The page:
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"The Golden Age of Watercolours : The Hickman Bacon Collection
2001-09-19 until 2002-01-02
Dulwich Picture Gallery
UK United Kingdom
Since its creation in the early years of the last century, Sir Hickman Bacons collection of British landscape drawings and watercolours has been recognized as the best private holding of such works anywhere. This will be the first chance for the public to see the collection as a whole.
Sir Hickman Bacon had unusual tastes for his time. The collection is especially strong in the type of late, ethereal Turner watercolour that only became widely popular with the advent of abstract painting in the 1940s and 50s. The works by Girtin demonstrate how this brilliantly gifted artist expanded the visual, spatial, emotional and technical dimensions of landscape art during his short career, whilst the drawings by Turner demonstrate how far into the future he advanced the realm of his technique by building upon what he had learned from Girtin and others.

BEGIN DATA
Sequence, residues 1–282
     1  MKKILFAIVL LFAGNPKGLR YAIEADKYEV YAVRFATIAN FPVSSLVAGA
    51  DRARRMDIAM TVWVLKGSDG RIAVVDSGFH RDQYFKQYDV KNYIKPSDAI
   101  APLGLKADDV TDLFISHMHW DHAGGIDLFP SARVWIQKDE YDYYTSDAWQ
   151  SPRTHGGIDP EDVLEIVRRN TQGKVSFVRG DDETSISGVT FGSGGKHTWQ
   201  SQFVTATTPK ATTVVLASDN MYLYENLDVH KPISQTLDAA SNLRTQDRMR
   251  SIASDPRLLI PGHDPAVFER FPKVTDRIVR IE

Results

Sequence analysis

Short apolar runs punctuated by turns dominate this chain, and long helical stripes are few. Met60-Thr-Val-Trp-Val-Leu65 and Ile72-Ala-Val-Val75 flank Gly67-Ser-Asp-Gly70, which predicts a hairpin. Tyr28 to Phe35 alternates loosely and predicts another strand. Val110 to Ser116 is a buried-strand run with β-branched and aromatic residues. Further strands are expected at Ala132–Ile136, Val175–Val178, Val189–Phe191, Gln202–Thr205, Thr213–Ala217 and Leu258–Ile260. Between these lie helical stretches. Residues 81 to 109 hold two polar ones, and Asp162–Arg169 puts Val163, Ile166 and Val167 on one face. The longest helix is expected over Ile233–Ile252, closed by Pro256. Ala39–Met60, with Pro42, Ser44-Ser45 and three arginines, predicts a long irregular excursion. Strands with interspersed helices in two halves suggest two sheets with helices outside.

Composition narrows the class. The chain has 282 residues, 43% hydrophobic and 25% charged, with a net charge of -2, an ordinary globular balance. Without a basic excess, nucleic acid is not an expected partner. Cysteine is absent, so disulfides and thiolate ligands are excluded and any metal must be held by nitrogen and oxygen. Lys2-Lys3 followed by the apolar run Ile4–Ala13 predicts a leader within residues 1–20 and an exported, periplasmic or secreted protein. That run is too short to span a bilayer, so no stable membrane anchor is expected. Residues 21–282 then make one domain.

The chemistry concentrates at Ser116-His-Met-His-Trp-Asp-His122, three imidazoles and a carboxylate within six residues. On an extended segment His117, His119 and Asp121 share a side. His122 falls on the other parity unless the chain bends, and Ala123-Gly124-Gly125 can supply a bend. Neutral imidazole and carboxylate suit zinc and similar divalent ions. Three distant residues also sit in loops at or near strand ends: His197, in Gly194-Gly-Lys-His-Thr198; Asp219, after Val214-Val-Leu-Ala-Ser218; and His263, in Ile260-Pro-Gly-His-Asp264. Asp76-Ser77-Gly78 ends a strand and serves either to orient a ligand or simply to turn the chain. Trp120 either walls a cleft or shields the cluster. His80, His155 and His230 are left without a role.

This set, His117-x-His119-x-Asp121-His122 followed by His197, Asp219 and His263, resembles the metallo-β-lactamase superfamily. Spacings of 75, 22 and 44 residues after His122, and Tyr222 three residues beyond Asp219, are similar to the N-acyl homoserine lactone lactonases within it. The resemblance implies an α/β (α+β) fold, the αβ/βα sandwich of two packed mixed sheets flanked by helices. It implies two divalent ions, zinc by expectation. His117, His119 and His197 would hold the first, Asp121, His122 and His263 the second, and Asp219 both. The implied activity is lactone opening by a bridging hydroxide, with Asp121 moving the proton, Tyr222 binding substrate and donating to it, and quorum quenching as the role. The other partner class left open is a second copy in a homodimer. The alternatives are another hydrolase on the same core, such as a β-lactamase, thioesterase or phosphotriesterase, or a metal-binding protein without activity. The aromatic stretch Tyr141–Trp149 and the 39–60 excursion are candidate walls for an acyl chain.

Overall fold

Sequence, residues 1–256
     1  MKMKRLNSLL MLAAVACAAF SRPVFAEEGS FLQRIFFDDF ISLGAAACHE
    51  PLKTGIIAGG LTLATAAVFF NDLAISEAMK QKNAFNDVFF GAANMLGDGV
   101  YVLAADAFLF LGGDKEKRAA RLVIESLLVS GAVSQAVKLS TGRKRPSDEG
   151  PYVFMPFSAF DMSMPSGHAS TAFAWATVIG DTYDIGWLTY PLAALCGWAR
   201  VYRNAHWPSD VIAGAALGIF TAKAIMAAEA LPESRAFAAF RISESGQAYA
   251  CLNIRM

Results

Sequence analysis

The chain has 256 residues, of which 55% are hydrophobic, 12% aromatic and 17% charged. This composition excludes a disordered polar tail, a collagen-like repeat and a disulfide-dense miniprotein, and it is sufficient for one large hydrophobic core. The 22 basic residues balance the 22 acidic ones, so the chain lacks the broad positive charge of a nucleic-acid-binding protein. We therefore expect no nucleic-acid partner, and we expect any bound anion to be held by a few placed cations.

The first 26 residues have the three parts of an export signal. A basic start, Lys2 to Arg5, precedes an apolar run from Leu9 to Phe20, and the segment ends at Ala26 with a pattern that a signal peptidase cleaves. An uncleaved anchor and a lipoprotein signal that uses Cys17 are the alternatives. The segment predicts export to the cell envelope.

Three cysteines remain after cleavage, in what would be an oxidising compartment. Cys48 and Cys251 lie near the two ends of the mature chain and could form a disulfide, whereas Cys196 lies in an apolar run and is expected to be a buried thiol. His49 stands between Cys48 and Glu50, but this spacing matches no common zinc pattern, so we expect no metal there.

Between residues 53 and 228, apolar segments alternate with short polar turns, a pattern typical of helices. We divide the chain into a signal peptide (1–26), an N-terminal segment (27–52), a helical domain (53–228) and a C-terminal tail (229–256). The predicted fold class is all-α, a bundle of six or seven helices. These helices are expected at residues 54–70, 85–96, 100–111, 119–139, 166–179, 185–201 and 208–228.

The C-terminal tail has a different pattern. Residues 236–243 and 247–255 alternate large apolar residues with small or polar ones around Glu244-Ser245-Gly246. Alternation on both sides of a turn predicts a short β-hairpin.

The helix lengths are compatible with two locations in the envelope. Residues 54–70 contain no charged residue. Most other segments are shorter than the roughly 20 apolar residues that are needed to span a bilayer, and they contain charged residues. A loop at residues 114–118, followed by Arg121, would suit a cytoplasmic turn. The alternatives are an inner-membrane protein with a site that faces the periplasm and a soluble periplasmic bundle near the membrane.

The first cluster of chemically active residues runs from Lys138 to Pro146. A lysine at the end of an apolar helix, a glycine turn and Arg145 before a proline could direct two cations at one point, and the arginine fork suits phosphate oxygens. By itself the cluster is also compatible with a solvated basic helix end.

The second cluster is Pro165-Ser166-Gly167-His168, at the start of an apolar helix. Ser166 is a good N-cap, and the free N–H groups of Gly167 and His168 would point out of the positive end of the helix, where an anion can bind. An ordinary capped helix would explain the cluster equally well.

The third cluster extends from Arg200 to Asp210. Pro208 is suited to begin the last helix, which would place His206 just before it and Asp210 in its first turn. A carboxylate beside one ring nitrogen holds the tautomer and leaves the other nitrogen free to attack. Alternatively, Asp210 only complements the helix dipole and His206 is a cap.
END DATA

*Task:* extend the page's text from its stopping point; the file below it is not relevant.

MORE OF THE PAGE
One of the glories of the collection is its group of watercolours by John Sell Cotman. When Sir Hickman Bacon was purchasing Cotmans long before the First World War, the artist had only just emerged from total obscurity. His popularity really began after a show in the Tate in 1922. The collection shows the artistís particular inventiveness as regards both form and colour, as well as his mastery of a range of watercolour techniques. The large group of drawings by Cox and De Wint shows the growing freedom of expression that watercolour permitted as the nineteenth century progressed, a freedom that anticipates French Impressionism, while the watercolours by Francia, Bonington and Boys make clear the direct links that were to exist between English and French landscape art, in addition to the growing interest in French subject matter.
It is entirely to the credit of its present owner that that he has kept the collection together, both as a tribute to the man who founded it, and as a demonstration of that collectorís commitment to purchasing works of art not in response to prevailing fashions, but out of a love of beauty.